10 Common Q&A about the Use of UV Phototherapy Treating Vitiligo

by Zhiwei Deng on July 25, 2023

Q1. What is ultraviolet phototherapy?


A: Ultraviolet phototherapy refers to the use of artificial light sources to treat various skin diseases. It is one of the commonly used treatment methods in dermatology. Currently, the clinically used ultraviolet wavelengths or treatment regimens for skin diseases include UVB (NB-UVB, 311nm ±2nm), 308nm excimer laser, UVA1 (340nm-400nm), and psoralen plus ultraviolet A (PUVA) phototherapy.

Q2. What is the principle of 308nm excimer laser treatment for vitiligo?


A: The principle of 308nm excimer laser treatment for vitiligo is as follows:


  • Induces T cell death (the underlying cause of vitiligo is the T cells present in the skin killing melanocytes).

  • Stimulates the proliferation of melanocytes (even in areas affected by vitiligo, some melanocytes remain unaffected by autoimmune damage, and 308nm ultraviolet light can stimulate their growth).

  • Promotes synthesis of more melanin by existing melanocytes.

  • Promotes the production of vitamin D3, which is closely related to the activity of melanocytes.

  • Targeted treatment with 308nm excimer laser can be used to irradiate small spots or focal patches of vitiligo to stimulate repigmentation. It can also be used for progressive vitiligo.

Q3. Are there any contraindications for ultraviolet phototherapy? Can all vitiligo patients undergo phototherapy?


A: No, some patients with comorbidities are not suitable for ultraviolet phototherapy, including systemic lupus erythematosus, dermatomyositis, xeroderma pigmentosum, Bloom syndrome, nevus of Ito, and malignant melanoma, among others. In addition, pregnant women, young children, patients with cataracts, porphyria, a history of radiation dermatitis, and those with a family history of malignant melanoma should exercise caution and consult with a doctor before proceeding with phototherapy.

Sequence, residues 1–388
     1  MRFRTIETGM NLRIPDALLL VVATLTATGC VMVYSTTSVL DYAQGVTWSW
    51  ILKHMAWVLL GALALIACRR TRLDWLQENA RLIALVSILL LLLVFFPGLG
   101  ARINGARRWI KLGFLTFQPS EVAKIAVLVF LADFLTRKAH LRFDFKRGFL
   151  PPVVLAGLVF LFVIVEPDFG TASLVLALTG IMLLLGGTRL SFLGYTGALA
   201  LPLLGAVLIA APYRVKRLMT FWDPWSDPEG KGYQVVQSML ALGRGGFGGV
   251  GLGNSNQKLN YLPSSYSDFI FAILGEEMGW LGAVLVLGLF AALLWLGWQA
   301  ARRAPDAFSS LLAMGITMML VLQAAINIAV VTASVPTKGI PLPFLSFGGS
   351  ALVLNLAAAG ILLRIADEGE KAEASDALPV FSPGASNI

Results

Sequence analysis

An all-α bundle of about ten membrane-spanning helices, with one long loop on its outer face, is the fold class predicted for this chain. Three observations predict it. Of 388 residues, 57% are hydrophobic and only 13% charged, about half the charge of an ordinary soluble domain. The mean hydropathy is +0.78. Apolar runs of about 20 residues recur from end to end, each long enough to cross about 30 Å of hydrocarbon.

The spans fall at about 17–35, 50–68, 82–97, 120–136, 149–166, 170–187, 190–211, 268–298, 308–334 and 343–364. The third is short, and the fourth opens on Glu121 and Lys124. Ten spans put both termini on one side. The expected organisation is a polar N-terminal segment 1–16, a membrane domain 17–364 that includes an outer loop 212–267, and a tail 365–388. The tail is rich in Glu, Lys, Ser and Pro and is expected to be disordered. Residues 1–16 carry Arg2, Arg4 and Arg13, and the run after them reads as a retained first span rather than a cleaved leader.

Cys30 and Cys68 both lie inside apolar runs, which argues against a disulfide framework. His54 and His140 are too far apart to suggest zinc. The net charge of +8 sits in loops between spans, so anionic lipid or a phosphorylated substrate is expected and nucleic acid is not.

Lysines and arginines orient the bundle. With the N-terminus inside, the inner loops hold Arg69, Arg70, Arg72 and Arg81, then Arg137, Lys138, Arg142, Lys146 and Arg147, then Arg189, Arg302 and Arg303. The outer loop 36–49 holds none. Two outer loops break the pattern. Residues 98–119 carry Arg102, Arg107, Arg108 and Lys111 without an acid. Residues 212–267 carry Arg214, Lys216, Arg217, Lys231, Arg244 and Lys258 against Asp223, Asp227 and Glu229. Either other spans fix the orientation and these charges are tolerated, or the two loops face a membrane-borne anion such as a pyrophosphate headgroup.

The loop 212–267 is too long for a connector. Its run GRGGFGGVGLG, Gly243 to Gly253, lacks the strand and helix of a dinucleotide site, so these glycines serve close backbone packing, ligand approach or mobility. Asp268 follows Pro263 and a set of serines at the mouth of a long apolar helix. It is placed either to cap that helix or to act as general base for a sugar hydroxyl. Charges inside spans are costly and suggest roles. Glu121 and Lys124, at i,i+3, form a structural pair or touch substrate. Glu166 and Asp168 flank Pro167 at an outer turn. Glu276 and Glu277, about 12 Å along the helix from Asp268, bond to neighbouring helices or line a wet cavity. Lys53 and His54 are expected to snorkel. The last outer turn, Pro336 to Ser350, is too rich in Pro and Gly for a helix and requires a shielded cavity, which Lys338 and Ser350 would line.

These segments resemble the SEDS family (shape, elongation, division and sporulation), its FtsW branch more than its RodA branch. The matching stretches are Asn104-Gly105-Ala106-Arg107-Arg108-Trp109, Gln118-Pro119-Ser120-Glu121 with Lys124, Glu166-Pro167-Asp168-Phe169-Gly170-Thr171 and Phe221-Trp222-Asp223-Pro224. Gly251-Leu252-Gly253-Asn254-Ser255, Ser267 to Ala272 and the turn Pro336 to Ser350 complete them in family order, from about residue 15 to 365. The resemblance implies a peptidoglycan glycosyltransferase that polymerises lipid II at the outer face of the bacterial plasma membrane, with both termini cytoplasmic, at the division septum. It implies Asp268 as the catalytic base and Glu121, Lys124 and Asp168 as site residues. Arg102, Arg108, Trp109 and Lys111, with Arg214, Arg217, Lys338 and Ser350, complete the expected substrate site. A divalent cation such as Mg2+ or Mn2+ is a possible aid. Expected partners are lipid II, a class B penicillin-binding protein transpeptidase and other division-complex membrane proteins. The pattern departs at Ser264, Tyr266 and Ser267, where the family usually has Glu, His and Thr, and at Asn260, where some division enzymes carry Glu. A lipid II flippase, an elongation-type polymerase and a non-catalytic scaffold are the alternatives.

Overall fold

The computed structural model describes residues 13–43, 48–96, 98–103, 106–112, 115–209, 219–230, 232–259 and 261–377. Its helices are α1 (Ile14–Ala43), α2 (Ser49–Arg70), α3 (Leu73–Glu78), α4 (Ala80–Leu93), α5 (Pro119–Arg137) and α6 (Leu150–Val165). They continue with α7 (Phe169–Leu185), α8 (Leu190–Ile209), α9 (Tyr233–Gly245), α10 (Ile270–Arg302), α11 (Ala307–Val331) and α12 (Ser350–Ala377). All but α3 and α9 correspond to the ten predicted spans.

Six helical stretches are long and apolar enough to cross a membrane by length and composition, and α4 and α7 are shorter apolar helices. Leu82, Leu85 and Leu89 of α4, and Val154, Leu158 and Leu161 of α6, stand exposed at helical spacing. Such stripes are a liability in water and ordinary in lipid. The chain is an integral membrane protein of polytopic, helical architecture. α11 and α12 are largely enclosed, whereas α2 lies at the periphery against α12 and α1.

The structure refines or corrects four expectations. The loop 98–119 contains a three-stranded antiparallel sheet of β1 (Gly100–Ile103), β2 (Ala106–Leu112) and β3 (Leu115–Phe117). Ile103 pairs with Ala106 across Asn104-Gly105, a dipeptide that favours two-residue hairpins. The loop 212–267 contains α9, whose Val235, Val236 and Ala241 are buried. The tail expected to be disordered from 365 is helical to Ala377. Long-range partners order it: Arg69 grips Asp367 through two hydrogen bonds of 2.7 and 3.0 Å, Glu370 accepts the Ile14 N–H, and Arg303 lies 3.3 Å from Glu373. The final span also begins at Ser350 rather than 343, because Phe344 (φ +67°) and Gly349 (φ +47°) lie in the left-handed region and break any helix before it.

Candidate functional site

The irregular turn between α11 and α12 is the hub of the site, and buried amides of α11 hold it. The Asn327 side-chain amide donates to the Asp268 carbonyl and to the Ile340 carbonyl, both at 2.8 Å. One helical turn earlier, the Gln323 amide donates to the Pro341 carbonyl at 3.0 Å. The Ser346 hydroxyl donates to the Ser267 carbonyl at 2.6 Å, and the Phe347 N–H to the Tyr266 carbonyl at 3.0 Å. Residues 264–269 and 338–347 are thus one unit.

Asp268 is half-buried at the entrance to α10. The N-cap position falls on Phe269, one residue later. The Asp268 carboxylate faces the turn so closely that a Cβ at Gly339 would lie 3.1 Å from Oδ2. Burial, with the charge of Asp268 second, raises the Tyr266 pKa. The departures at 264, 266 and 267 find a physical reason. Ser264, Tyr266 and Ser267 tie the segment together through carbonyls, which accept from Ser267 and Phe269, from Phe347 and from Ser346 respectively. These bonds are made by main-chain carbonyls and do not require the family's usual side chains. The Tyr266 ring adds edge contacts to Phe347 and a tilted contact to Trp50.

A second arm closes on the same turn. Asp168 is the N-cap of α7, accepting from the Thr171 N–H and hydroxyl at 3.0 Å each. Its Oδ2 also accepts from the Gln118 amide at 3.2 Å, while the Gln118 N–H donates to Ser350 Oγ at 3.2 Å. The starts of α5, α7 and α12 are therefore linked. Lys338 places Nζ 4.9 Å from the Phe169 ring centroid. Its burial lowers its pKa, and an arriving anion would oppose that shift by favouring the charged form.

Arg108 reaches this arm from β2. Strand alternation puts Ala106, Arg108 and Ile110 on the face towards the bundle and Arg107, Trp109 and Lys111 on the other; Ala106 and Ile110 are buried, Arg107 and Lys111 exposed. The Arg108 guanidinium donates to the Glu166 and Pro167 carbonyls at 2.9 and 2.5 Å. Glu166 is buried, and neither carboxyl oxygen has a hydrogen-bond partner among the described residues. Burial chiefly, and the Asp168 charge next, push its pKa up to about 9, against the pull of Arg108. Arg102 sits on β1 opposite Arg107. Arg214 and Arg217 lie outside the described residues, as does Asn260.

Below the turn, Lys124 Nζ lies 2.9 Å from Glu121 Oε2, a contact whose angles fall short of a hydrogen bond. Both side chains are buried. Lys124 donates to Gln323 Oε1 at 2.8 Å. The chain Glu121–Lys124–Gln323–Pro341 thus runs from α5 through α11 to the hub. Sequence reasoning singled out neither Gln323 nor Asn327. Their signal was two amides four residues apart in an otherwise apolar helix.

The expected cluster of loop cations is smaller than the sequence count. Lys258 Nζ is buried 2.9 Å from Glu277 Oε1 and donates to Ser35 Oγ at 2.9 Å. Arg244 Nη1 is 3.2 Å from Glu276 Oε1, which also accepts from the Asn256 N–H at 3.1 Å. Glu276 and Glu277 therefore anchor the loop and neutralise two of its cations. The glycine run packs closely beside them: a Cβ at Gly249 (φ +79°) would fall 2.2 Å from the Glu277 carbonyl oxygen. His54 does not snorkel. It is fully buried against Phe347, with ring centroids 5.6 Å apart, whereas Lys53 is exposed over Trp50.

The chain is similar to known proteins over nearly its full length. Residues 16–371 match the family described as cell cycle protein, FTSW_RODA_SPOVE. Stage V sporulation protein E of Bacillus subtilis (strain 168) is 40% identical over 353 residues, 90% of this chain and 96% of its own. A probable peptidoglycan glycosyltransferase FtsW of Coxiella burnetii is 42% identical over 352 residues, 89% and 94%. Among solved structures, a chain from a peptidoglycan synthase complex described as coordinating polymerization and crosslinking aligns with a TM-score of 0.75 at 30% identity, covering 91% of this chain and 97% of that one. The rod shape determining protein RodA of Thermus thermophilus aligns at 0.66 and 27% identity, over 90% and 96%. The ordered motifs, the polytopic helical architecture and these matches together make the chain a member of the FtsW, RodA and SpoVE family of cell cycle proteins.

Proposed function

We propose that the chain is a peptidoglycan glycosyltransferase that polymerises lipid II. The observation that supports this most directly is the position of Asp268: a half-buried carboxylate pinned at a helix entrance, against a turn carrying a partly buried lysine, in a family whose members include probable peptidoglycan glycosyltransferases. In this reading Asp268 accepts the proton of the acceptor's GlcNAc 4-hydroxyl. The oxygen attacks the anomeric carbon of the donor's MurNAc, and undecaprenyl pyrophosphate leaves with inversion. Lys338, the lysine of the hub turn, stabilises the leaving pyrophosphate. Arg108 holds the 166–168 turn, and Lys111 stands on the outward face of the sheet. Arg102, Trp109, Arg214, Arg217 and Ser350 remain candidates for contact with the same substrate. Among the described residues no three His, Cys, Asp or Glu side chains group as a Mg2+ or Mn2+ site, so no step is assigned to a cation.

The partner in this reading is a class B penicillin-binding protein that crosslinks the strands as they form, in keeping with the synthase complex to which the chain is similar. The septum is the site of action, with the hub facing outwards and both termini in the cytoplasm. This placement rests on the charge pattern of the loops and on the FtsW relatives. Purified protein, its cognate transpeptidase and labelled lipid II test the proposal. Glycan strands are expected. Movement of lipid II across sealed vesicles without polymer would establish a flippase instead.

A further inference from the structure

Q4. Is ultraviolet phototherapy suitable for all types of vitiligo patients?


A: Yes, ultraviolet phototherapy can be used for vitiligo patients at different stages and with various patterns, including those with progressive (active) vitiligo, stable vitiligo, generalized (extensive) vitiligo, focal (localized) vitiligo, and segmental vitiligo. However, caution should be exercised in cases where vitiligo is rapidly progressing within the past 1-2 months. In such situations, phototherapy should be used with lower energy levels and in conjunction with supportive medications. It is important to discuss this matter with a healthcare professional.




Q5. How many times per week should phototherapy be administered?


A: The optimal frequency for phototherapy is usually 2-3 times per week with appropriate intervals. Daily treatment is not necessary. 

Typically, 10-20 sessions with a 308nm excimer laser device can lead to repigmentation

For Narrow band UVB and UVA1 devices, 30-50 sessions may be required to achieve noticeable results. If there is no improvement after 40 sessions or over a duration of more than 3 months, it is advisable to consider alternative treatment options.




Q6. Is the dosage of ultraviolet phototherapy the same for everyone?


A: In general, areas with thicker skin may require higher doses, while areas with thinner and more delicate skin may require lower initial doses. The appropriate dosage should be adjusted based on factors such as the phototherapy device used, individual patient characteristics, and the extent of the skin lesions. The relationship between the body part and dosage is as follows: hands and feet > limbs > trunk > face and neck. Additionally, the dosage may differ based on skin type, with slightly darker skin (Fitzpatrick skin type V) requiring less dosage compared to fair skin (Fitzpatrick skin type III). Age can also influence the dosage, with adults typically requiring higher doses compared to children and elderly individuals. As a general guideline, the initial dosage is usually set at around 70% of the minimum erythema dose (MED).